East Bay Community Law Center (EBCLC) (Berkeley, CA)


Founded 1988 by law students at UC Berkeley's Boalt Hall School of Law. Largest provider of free legal services in the East Bay and a nationally-recognized poverty law clinic.
Organization website

Primary geographic focus: California
Organization type(s): Provider
Acronym or short name: EBCLC

Since its founding in 1988 by law students at UC Berkeley’s Boalt Hall School of Law, EBCLC has become the largest provider of free legal services in the East Bay and a nationally-recognized poverty law clinic.

The East Bay Community Law Center was founded in 1988 – as the Berkeley Community Law Center – by law students from UC Berkeley’s Boalt Hall School of Law. The student founders were motivated by the intersection of significant trends in legal services and legal education.

With the hard work of staff, students, Boalt faculty and board members, and the incredible support of many individuals and institutions, EBCLC has grown to become the largest provider of free legal services in the East Bay and Boalt Hall’s largest clinical offering.

With a full-time staff of 20, EBCLC now serves several thousand low-income clients and community groups each year with legal matters directly affecting their income, shelter and health care. Many other East Bay residents receive education, information or referrals to help meet their critical needs.

EBCLC also plays a central role in preparing and inspiring the next generation of lawyers committed to social justice. Approximately 80 students enroll in EBCLC’s nationally-recognized clinical program each year, receiving high-quality training and mentoring under the supervision of our staff attorneys. Dozens more students participate in one or more of our community outreach, education and service programs.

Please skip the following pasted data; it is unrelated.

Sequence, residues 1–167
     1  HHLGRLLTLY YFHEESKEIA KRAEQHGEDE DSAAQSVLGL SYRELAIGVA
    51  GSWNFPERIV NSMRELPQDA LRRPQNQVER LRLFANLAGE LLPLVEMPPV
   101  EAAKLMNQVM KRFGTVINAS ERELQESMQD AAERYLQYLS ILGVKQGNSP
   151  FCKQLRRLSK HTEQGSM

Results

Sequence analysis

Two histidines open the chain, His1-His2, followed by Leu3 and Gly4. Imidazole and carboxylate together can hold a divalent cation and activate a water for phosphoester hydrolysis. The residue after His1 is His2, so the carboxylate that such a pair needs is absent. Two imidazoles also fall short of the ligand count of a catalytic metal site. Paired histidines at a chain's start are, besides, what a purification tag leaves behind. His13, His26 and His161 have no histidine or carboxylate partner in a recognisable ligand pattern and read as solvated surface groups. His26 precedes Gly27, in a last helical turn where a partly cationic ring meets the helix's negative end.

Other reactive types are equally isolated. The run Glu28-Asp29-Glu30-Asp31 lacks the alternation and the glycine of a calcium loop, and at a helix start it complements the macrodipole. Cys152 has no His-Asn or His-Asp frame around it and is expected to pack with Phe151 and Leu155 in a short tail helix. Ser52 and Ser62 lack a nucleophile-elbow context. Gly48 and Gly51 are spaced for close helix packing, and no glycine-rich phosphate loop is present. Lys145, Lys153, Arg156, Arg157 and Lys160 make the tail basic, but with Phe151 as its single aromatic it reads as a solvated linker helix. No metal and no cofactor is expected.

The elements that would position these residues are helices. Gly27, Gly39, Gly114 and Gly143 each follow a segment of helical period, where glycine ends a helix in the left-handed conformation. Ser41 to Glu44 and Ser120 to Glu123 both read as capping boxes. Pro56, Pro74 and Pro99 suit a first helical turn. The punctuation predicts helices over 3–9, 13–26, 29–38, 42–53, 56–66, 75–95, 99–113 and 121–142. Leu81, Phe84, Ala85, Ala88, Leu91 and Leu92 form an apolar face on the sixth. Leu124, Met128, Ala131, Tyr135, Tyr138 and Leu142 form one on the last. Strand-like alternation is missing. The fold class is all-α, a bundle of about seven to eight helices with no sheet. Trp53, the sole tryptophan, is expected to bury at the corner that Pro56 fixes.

CONTENT MENTIONING/INVOLVING THIS SOURCE

News Story

State chief justice says unpaid traffic fines should get day in court

Maura Dolan, Lee Romney
Los Angeles Times (LA Times)
May 21, 2015
Many California counties require paying traffic fines in full before a court hearing. California's chief justice calls for an emergency rule to prevent courts from requiring drivers to pay traffic tickets before they can go to court to contest them.

News Story

California Adopts Traffic Court Reform, But Fails to Address Major Obstacle for Low-Income Drivers

Sam Levin
East Bay Express (Oakland, CA)
June 9, 2015
Story about how new rules instituted in California's traffic courts and how a major part was overlooked.

News Story

California Traffic Tickets Amnesty Program Leaves Many Behind

Sam Levin
East Bay Express (Oakland, CA)
November 11, 2015
The state's initiative to help low-income drivers overcome excessive traffic court debts is failing the most vulnerable residents — and advocates say the East Bay courts' policies are particularly unjust.

News Story

Traffic Courts Are Driving Inequality in California

Rebecca McCray
TakePart
April 11, 2016
A disproportionate share of fees, fines, and license suspensions fall on blacks and Latinos.

News Story

A disproportionate share of blacks and Latinos lose their driver’s licenses because of unpaid tickets, study finds

Maura Dolan
Los Angeles Times (LA Times)
April 11, 2016
The report, by the Lawyers Committee for Civil Rights of the San Francisco Bay Area, examined U.S. Census Bureau data, records from the California Department of Motor Vehicles and information from 15 police and sheriff's departments in the state.

News Story

Court Costs Entrap Nonwhite, Poor Juvenile Offenders

Erik Eckholm
New York Times (NYT)
August 31, 2016
Fines, fees and restitution mandates are levied on juvenile offenders to varying degrees in every state, a new national survey of these practices has found.

News Story

California judge who mocked blind man emblematic of failed traffic court system

Sam Levin
Guardian
October 20, 2016
Judge Taylor Culver is accused of ‘willful misconduct’ by the state’s commission on judicial performance, providing a rare window into how police agencies and courts use traffic courts to target low-income people.

News Story

When traffic court fees snowball, East Bay clinic helps people dig out of debt

Malaika Fraley
East Bay Times (CA)
June 1, 2017
When you live hand to mouth in the high-priced Bay Area, the cost of an unexpected traffic ticket can seem like a life ruiner and, for some people, it can be.



This page last modified: Sat, April 25, 2015 -- 12:50 pm ET